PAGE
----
Pablo Picasso called Paul Cezanne "the father of us all"; Jasper Johns reportedly paid more attention to the 19th-century French postimpressionist than to any other artist. From Matisse to Mondrian, Braque to Giacometti â€” the list of venerable artists who were inspired by the master painter reads like the syllabus of an art history class.
Now, "Cezanne and Beyond," a new exhibition at the Philadelphia Museum of Art, explores the artist and his influences. The exhibit opens with The Bather, Cezanne's 1885 oil-on-canvas of a man in a white swimsuit contemplating the water. Curator Katherine Sachs says that for decades, the painting was one of the first things visitors saw upon entering New York's Museum of Modern Art in New York. Countless artists encountered the painting there â€” and carried it away in their mind's eye.
Artist Ellsworth Kelly says he's been hypnotized by Cezanne for most of his life. When he was 14, Kelly's mother gave him an art book that included all the masters, from Giotto to Picasso. Kelly's favorite reproduction was Cezanne's Chestnut Trees at the Jas de Bouffan â€” an avenue of slim, winter-into-spring trees Cezanne could see from his window in Provence.
"I took [the painting] out of the book and put it on the wall," Kelly remembers.
More than a decade later, Kelly made a series of elegant, pared-down sketches inspired by Cezanne's chestnut trees. Three Trees (1), Three Trees (2) and Three Trees (3) all appear in the Philadelphia show.
Kelly's simple, supple lines are as pure as those of Henri Matisse â€” another artist who admired Cezanne. In 1899, Matisse bought Cezanne's Three Bathers, which he eventually donated to the city of Paris, requesting that they take special care of the painting that had nurtured him every day of his life.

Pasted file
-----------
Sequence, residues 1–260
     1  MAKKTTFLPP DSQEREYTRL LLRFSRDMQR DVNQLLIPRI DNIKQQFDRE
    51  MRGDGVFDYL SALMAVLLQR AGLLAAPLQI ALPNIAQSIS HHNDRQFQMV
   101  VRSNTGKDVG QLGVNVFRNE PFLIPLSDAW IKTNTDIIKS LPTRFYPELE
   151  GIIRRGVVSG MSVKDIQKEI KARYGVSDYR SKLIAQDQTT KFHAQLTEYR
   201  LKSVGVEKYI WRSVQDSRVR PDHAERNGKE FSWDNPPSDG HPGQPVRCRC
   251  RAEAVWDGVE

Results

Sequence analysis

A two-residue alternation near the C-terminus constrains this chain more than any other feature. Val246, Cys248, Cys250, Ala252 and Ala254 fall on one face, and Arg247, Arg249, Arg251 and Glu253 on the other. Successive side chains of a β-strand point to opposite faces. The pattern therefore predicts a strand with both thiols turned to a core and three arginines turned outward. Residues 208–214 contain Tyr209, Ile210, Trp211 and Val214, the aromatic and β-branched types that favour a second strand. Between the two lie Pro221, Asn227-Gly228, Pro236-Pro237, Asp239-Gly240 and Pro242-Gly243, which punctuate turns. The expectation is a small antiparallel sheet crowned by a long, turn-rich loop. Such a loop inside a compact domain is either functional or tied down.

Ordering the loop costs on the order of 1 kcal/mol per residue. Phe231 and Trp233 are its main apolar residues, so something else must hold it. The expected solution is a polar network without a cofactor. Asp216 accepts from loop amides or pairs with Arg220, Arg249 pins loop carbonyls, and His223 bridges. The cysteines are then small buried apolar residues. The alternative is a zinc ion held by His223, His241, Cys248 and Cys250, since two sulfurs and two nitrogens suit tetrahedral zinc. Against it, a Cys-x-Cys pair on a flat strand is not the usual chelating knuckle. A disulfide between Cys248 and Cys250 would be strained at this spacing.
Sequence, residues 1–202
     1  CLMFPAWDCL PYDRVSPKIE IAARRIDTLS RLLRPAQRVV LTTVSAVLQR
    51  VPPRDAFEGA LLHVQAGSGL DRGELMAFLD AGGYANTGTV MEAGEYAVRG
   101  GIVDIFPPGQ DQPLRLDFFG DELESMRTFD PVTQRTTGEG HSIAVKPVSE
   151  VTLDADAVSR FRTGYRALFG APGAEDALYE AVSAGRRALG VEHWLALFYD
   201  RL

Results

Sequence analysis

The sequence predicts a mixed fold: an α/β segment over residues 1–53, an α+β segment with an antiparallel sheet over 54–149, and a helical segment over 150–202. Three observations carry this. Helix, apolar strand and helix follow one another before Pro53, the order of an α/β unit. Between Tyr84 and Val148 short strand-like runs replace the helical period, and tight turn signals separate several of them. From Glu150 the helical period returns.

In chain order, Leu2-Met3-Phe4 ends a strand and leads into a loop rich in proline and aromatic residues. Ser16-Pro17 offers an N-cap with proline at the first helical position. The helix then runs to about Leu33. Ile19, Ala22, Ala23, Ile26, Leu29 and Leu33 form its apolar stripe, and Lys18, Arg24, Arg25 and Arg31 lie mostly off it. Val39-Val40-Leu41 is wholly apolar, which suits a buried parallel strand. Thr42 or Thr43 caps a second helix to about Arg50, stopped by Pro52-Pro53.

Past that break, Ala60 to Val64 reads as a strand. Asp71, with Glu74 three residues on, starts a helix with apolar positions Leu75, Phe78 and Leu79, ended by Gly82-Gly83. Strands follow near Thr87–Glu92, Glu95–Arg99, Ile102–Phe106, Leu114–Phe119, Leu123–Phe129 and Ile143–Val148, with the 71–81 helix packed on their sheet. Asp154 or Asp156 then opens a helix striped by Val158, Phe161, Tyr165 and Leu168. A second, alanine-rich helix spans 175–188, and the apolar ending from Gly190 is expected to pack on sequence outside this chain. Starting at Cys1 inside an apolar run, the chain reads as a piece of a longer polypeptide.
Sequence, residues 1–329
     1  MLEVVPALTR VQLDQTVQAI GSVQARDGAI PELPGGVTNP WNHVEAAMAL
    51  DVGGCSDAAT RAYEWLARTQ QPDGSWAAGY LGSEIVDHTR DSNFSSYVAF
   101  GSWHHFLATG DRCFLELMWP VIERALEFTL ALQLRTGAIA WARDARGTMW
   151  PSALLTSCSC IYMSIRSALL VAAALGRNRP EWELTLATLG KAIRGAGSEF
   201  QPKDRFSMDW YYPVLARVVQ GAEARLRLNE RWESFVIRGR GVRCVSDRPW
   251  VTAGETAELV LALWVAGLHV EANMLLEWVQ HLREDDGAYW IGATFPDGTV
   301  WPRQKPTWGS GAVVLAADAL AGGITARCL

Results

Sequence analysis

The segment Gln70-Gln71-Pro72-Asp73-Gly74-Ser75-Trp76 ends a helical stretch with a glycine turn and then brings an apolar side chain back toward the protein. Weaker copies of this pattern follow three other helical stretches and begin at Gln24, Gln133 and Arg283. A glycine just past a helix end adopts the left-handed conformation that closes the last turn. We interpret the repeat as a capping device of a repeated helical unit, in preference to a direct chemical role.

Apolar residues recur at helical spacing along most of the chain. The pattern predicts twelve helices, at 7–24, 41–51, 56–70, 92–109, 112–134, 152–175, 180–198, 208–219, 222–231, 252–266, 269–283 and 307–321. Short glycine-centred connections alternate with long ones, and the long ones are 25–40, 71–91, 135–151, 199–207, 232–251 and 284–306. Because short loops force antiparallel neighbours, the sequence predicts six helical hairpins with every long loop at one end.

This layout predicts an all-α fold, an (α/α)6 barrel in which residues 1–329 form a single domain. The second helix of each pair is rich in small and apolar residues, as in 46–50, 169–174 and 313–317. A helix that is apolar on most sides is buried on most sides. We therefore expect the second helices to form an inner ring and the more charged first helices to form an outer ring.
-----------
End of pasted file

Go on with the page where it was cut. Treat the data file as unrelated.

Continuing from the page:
Matisse learned simplicity and color from Cezanne. Matisse's friend and rival Picasso had a more playful approach to the Provencal master; according to Sachs, Picasso found the seeds of cubism in Cezanne, who broke the tradition of viewing painting as a window on life.
"[Cezanne] didn't reproduce the world as he saw it. He reproduced, or represented, his own personal emotions in front of the object," Sachs explains.
Sachs says that Cezanne's tendency to infuse his work with personal expression â€” in layers of color and shape â€” became a hallmark of 20th century painting, from the ropes of paint created by Jackson Pollock, to the geometric women found in the works of Willem de Kooning.
"I think he gave many artists permission to paint, as Cezanne said, [their] sensations," Sachs says.
Contemporary photographer Jeff Wall, whose work is included in the Philadelphia show, says he's loved Cezanne since he was a child. Wall's photograph of three women playing cards â€” Card Players â€” was inspired by Cezanne's painting The Card Players, which shows three men at a table hunched over a card game.
"These pictures have been going through my head for 50 years," Wall says of the paintings included in the exhibit. "If you're interested in pictures, then you have to be involved with [Cezanne], because his painting almost defined how pictures have been at least for the last 100 years."
The Philadelphia Museum of Art also put on a Cezanne show in 1996 â€” a knockout retrospective with some 200 oil paintings, watercolors and drawings. So, it might be asked: Why stage another?
"Why do we need to go back to a Shakespeare play or listen to a Beethoven symphony?" asks Joseph Rishel, co-curator of the Philadelphia show. "They're the fundamentals. They're the things that nurture us every day of our life. And you can't have enough of them."